- Ambition, and: Homage to Sebastian Stenzel
By the time I could walk, I was lordamong the infant lizards of my yard,though he, however tiny, was no less,more strong than I in solitude and silence,tough as a fugitive, swift as a broom.Not to say I did not frighten himthe way the cold in a father's voicemight frighten me, or worse, a father's absence.Or a lizard for that matter, that wetblister of the eye with me inside it.A child of power I was powerlessto resist, and as I reached and missed,his tail leapt off, the sudden self abandoned,flailing in horror the moment it was born.
Homage to Sebastian Stenzel
After the cedar died in the great fire,it stood for eighty years. A testamentto what the long neglected can endureif the roots go deep, the heartwood dense,grain woven, limbs upholding nothinglike a nervous system of the sky.
No need to clear the lion's share of damage,the land the blaze blackened for a season,though naturally they razed the crumpled home. [End Page 60] What the fire began, men completed,and there were those who were buried hereand there, and those who never reappeared.
What remained was the flame of sootthat climbed the tower, our useless miracle,guardian of those who stood in its shadowsand suffered without record, passing throughthe stories and nightmares of a fewfriends, neighbors, until they too passed on.
Nights, the long and stubborn musculatureswung its axe in the wind, laying lowa silence in the branches, and in the starsthat slept there, that burned for eighty years.It took a luthier to bring them down,to see in the tone-wood a slow growth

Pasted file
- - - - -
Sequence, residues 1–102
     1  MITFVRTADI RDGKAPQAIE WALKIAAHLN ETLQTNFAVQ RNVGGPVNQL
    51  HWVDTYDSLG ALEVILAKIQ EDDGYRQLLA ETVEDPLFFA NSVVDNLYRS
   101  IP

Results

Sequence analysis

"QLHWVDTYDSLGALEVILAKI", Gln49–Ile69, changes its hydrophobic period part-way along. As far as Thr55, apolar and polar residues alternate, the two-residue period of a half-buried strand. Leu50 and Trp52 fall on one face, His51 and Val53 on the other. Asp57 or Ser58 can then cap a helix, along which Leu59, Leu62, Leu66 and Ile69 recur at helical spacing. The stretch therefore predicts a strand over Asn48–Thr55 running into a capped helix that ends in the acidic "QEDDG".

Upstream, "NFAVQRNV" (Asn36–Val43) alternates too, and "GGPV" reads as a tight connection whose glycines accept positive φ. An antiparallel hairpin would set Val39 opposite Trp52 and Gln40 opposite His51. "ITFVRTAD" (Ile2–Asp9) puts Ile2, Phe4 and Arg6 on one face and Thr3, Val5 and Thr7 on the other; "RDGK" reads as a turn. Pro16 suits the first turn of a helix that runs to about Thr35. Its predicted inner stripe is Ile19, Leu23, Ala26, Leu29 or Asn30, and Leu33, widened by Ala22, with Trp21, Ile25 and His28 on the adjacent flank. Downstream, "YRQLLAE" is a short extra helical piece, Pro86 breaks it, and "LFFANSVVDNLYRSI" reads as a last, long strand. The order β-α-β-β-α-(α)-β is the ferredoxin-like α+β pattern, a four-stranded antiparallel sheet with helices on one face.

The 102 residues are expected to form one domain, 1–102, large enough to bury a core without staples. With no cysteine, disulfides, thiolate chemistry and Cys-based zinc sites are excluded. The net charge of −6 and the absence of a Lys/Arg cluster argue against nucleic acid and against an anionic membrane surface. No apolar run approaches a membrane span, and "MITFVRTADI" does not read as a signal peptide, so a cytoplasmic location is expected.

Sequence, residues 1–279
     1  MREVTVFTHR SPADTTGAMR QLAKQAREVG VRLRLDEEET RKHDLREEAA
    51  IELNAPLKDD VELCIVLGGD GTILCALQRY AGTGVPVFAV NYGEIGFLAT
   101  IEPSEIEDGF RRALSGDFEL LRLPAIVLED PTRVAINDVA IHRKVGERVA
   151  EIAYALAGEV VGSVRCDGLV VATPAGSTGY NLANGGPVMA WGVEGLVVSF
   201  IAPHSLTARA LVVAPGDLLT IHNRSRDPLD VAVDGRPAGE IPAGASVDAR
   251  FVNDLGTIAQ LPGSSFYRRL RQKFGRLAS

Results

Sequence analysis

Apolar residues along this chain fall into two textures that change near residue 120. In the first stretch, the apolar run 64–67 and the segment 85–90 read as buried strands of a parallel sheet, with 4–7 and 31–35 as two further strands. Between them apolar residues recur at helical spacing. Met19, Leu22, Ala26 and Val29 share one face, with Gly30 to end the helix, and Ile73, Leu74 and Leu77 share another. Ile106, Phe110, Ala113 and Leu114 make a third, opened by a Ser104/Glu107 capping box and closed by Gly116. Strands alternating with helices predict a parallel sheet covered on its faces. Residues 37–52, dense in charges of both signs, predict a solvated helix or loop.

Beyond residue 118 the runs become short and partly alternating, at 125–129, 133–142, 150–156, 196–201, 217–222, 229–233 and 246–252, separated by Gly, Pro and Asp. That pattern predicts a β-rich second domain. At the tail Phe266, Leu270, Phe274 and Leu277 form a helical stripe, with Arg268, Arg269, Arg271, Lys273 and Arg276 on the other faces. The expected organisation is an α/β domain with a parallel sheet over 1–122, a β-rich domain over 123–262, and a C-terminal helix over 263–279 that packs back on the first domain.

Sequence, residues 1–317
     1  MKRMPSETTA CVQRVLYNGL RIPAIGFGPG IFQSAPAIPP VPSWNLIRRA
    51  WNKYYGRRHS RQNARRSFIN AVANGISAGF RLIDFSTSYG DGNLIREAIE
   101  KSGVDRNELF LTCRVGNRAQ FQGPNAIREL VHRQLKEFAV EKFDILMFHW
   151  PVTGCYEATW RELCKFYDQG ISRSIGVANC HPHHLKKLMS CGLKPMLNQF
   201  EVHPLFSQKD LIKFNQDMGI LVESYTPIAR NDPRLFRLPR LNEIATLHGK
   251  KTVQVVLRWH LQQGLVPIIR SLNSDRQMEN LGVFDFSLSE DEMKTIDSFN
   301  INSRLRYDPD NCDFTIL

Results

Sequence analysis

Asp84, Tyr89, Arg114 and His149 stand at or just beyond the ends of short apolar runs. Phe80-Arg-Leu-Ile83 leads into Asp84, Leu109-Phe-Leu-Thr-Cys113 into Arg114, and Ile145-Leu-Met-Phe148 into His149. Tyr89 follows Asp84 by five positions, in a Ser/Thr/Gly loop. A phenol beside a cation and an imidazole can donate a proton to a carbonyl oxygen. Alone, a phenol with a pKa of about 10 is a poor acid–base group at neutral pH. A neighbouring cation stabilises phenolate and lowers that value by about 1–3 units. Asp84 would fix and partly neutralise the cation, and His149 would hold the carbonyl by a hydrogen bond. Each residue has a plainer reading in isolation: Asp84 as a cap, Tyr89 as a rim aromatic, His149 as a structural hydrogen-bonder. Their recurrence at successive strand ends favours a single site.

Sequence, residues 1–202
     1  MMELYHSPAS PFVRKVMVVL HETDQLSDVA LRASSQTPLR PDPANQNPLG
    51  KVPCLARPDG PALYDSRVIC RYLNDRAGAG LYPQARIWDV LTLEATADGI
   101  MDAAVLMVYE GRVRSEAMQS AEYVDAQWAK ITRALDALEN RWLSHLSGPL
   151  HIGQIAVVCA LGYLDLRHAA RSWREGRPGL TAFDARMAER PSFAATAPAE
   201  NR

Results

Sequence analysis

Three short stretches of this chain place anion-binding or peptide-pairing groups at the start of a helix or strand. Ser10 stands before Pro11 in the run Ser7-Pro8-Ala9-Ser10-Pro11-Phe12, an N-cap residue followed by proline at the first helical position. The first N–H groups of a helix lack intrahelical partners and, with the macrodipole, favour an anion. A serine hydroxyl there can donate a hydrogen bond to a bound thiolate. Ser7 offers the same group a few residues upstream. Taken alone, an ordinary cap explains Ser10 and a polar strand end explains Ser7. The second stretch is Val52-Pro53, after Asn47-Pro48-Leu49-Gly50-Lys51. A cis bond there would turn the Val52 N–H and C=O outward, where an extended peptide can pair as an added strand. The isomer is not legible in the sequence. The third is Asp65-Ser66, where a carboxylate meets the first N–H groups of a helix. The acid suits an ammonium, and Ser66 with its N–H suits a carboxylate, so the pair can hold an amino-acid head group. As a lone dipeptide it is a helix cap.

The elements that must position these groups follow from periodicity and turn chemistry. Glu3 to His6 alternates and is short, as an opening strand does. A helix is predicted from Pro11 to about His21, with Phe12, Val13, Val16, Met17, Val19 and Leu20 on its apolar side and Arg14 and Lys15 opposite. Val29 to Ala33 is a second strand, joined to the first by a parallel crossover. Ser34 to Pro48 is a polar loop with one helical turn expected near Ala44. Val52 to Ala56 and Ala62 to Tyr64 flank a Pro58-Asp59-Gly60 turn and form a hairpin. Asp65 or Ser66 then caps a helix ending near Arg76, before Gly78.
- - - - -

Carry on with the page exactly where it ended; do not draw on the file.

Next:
the winters made stiff and tight, idealin its resistance and yield, its open voice.So yes, he destroyed it, quarter sawn sothe monument might fall again, and again,over and over as song in the startledbraces of the instrument. Or so he hoped.
It takes a little faith to flex the finalcut, to tap it listening for some pitchto draw breath in the unspoken, to sayI am out there somewhere, as music isin the reticence of things. It takesan ember's patience to plane the wood just so,
to fit it over the casket, over the memoryof one note dying into the next,into some solitary conversation,the still bodies of those who listen, thosewho, for the moment they are listening,stand in the fire, made tall, and have no name. [End Page 61]
Bruce Bond's most recent and forthcoming collections of poetry include Choir of the Wells (Etruscan P), The Visible (LSU P), Peal (Etruscan P), and Blind Rain (LSU P). Presently he is Regents Professor of English at the University of North Texas and poetry editor for American Literary Review.